Neither have I drunk a Tempranillo like this before. After ferment in cool concrete vats it does malo and fourteen months in new French barrels – tight-grained oak which is entirely supportive of that intense fruit. It has the purring submission of a long slow ferment: more than three weeks on skins has properly softened and assimilated the tannins.
To smell, there’s still a handsome acridity, indicating leafy tannins. They’re never leafy in the flavour sector, however. So that edge is probably rocks as much as the phenolics of the tough thick skins of Tempranillo. And some oak, of course, which never intrudes.
As with the Rioja, the cool thing is the wine’s disarming fruitiness. It’s raspberry, it’s cranberry, it’s baby beetroot, it’s that naturally-made water-based saddlesoap of R. M. Williams. It’s as cute as the Rioja, but with layer upon layer of gentle surprise as the doors of its consecutive rooms open. It’s fleshy and pulpy, but always elegant and composed. You can follow it through this journey over two or three days if you manage yourself: the first bottle I tried, brought about by one of the thirstiest enthusiasts in my neck of the woods, vanished in about half an hour.
What pulls the heart hawsers particularly taut is the manner in which the wine projects a wave of sheer mellow fruit, and then a glorious wash of soft polymerised tannin as it ebbs. The nature of these feelings and flavours changes constantly: they never seem to repeat themselves, but they stay in that determined recio direction: upon them, we’re ever-so-gradually surfing ashore. But then, the mala gana sets in: we don’t seem really to want to get there after all. Or need to.
And all along, that delicious delicate syrup of grape essence, almost conserve, coddles and cuddles the tongue. I say conserve rather than jam, because conserve contains entire fresh fruits: it is neither mashed nor boiled to such an extreme as jam.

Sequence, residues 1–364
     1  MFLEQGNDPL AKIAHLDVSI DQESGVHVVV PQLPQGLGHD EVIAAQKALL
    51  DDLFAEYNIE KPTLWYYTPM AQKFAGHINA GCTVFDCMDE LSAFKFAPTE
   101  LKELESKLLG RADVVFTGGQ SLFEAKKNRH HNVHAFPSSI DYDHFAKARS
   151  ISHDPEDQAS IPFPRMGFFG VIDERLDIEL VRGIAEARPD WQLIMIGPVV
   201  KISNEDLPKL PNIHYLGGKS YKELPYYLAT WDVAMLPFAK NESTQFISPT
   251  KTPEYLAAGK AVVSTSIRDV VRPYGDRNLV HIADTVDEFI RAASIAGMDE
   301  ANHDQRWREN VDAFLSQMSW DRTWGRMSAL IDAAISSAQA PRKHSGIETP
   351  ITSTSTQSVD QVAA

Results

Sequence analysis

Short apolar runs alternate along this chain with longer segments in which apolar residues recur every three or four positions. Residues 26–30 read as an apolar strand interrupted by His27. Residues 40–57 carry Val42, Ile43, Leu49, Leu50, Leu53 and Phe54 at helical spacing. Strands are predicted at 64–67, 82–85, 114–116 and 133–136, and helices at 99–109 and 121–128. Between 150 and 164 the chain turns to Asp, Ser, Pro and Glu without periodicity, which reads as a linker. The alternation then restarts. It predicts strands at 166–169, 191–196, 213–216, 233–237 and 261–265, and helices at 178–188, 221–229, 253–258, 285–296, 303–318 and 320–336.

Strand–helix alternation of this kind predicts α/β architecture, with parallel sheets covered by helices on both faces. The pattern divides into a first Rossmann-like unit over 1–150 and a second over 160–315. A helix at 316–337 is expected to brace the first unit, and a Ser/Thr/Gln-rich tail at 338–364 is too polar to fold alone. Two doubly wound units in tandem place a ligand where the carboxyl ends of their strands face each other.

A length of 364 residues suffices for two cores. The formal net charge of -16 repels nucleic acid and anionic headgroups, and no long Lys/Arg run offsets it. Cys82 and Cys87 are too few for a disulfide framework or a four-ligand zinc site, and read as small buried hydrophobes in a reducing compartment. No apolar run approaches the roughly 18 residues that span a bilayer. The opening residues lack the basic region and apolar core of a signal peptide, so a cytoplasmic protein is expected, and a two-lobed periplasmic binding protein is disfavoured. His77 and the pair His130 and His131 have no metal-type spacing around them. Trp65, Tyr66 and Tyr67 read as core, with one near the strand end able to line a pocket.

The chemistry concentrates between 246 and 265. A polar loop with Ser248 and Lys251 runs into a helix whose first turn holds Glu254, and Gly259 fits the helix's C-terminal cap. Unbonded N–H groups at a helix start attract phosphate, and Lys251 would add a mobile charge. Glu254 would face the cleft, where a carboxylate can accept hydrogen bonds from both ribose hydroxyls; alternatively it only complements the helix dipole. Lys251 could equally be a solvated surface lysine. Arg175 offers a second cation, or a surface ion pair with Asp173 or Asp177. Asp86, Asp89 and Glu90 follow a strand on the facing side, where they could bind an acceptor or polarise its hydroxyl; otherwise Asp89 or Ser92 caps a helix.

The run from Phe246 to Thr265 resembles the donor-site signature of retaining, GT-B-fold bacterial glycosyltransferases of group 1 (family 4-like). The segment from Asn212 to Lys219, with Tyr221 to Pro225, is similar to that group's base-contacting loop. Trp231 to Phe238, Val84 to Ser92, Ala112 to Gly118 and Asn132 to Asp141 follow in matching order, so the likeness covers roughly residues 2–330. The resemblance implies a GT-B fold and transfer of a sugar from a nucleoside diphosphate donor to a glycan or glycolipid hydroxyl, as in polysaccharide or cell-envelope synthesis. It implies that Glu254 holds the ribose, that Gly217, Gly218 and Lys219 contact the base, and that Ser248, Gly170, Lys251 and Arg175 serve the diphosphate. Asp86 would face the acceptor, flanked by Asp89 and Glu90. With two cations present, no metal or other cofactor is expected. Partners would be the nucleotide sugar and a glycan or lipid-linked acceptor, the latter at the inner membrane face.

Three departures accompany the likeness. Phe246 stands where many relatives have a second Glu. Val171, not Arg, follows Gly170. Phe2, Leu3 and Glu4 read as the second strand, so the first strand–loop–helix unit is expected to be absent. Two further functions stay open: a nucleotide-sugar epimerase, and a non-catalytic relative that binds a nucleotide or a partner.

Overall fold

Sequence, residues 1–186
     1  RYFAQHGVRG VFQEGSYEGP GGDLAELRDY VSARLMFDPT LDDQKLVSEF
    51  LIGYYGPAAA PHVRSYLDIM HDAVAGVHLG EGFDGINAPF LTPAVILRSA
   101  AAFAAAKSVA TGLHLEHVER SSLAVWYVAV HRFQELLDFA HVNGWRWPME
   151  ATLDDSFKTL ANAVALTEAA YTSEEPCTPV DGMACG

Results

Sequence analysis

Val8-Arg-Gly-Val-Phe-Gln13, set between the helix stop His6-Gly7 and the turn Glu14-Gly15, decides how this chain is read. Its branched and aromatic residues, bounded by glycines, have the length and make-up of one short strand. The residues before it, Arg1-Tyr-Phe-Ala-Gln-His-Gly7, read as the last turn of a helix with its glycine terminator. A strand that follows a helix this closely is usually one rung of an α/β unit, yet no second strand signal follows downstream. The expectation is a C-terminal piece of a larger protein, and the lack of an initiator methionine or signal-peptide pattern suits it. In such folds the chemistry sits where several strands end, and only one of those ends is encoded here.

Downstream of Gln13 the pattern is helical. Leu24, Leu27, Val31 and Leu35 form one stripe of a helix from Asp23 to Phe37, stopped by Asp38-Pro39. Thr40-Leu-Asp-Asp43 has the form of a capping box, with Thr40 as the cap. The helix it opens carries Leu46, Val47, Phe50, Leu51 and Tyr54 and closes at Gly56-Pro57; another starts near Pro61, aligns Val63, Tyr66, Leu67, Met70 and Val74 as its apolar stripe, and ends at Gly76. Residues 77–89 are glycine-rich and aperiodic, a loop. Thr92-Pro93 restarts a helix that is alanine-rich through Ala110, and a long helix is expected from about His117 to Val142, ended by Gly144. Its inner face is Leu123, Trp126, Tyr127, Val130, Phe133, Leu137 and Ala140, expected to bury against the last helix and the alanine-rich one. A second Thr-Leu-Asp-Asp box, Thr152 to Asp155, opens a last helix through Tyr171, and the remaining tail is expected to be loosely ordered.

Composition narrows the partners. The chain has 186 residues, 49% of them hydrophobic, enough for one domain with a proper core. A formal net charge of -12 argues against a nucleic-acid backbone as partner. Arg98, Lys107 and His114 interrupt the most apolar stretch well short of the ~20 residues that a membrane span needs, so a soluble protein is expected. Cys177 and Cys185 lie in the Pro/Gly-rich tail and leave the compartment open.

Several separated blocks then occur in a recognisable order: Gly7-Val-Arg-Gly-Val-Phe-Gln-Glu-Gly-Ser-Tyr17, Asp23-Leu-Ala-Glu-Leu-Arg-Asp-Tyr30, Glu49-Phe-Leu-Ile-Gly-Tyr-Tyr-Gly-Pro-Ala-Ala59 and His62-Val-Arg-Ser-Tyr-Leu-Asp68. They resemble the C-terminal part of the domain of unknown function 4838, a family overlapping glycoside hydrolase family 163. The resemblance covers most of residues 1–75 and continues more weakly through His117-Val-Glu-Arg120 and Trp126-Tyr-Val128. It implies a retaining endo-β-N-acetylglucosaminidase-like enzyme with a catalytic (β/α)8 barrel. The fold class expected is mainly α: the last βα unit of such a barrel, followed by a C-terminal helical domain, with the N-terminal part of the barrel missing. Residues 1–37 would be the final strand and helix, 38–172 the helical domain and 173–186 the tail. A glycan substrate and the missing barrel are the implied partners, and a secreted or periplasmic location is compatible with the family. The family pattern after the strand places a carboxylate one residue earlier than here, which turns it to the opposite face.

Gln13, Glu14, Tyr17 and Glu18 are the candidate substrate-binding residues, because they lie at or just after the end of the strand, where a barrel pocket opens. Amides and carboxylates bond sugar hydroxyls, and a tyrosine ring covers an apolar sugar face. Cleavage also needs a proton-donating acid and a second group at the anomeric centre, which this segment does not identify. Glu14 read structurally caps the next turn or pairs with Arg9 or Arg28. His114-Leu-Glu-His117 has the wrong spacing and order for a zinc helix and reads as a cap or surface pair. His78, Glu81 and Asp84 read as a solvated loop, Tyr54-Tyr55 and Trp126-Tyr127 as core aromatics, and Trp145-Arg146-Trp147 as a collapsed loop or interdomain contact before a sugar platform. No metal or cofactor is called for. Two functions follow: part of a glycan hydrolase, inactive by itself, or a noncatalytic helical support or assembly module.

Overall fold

So why can’t Australia make Tempranillo like these? To start, I’m afraid our Greeks came in too late. But the little matter of us not having too much 105 year old Temp in 2,000 year old vignobles notwithstanding, I’m sure climate and ground makes the difference. No Australian in their right mind would be planting bush vine Tempranillo in country like Toro, with such extremities of geology, geography and climate, if indeed such a province was extant here.
Perhaps the best Australian Tempranillo and Graciano blend I can recall was made from a vineyard of these two varieties that was planted, I think, in the 'sixties near the little cemetery adjacent to Ross Estate, at Lyndoch in the Barossa. David Wynn knew of it, and I seem to think Colin Gramp had something to do with its planting - I recall a mature bottle consumed with great relish in the mid '80s. When Rod Chapman became Darius Ross's winemaker in the '90s he made a couple that were bashed, too, with the sappy American oak fashionable here at the time. But the wines were robust and seductive, and if the vineyard had been let survive, we might be drinking much more sensitively-made blends from them by now. Apart from some of these varieties growing at Mudgee, and some Tempranillo growing at Peake's at Clarendon in 1860s, this was the earliest planting I know of in Australia.
Steve Pannell cleaned up this year’s McLaren Vale Bushing Crown with his mighty 2010 blend of Touriga nacional, the Portuguese variety, and Tempranillo. Interestingly, I’d always felt that the tannins of Touriga would meld perfectly with good Nebbiolo, which is also extremely rare in Australia. During the three days I’ve spent tasting these two Tempranillos, I thought of Nebbiolo often. It’s something to do with the way the tannins float above that sublimely elegant fruit like a cloud, rather than grumble away in the belly of the wine, like they do in surly Shiraz. This strange, other-worldly phenomenon makes possible that very gradual waves sensation of the Matsu.
While everybody gets their Nebbiolo, Tempranillo and Touriga growing right, and then learns to make them properly, the notion of blending them for racy, inexpensive blends makes me dribble.
The Vinodiversity blog lists about three feet of Australian wineries which make Tempranillo. I wonder how they made their decision to plant this stuff, and how much research they did of the types of ground it prefers in its homelands, and how it is best handled there.
And I wonder how many of them can get it ripe at 13% alcohol?
AUSTRALIA NEVER QUITE LEARNED TO MAKE CARS LIKE THE HISPANO-SUIZA J12 FERNANDEZ & DARRIN COUPE DE VILLE, EITHER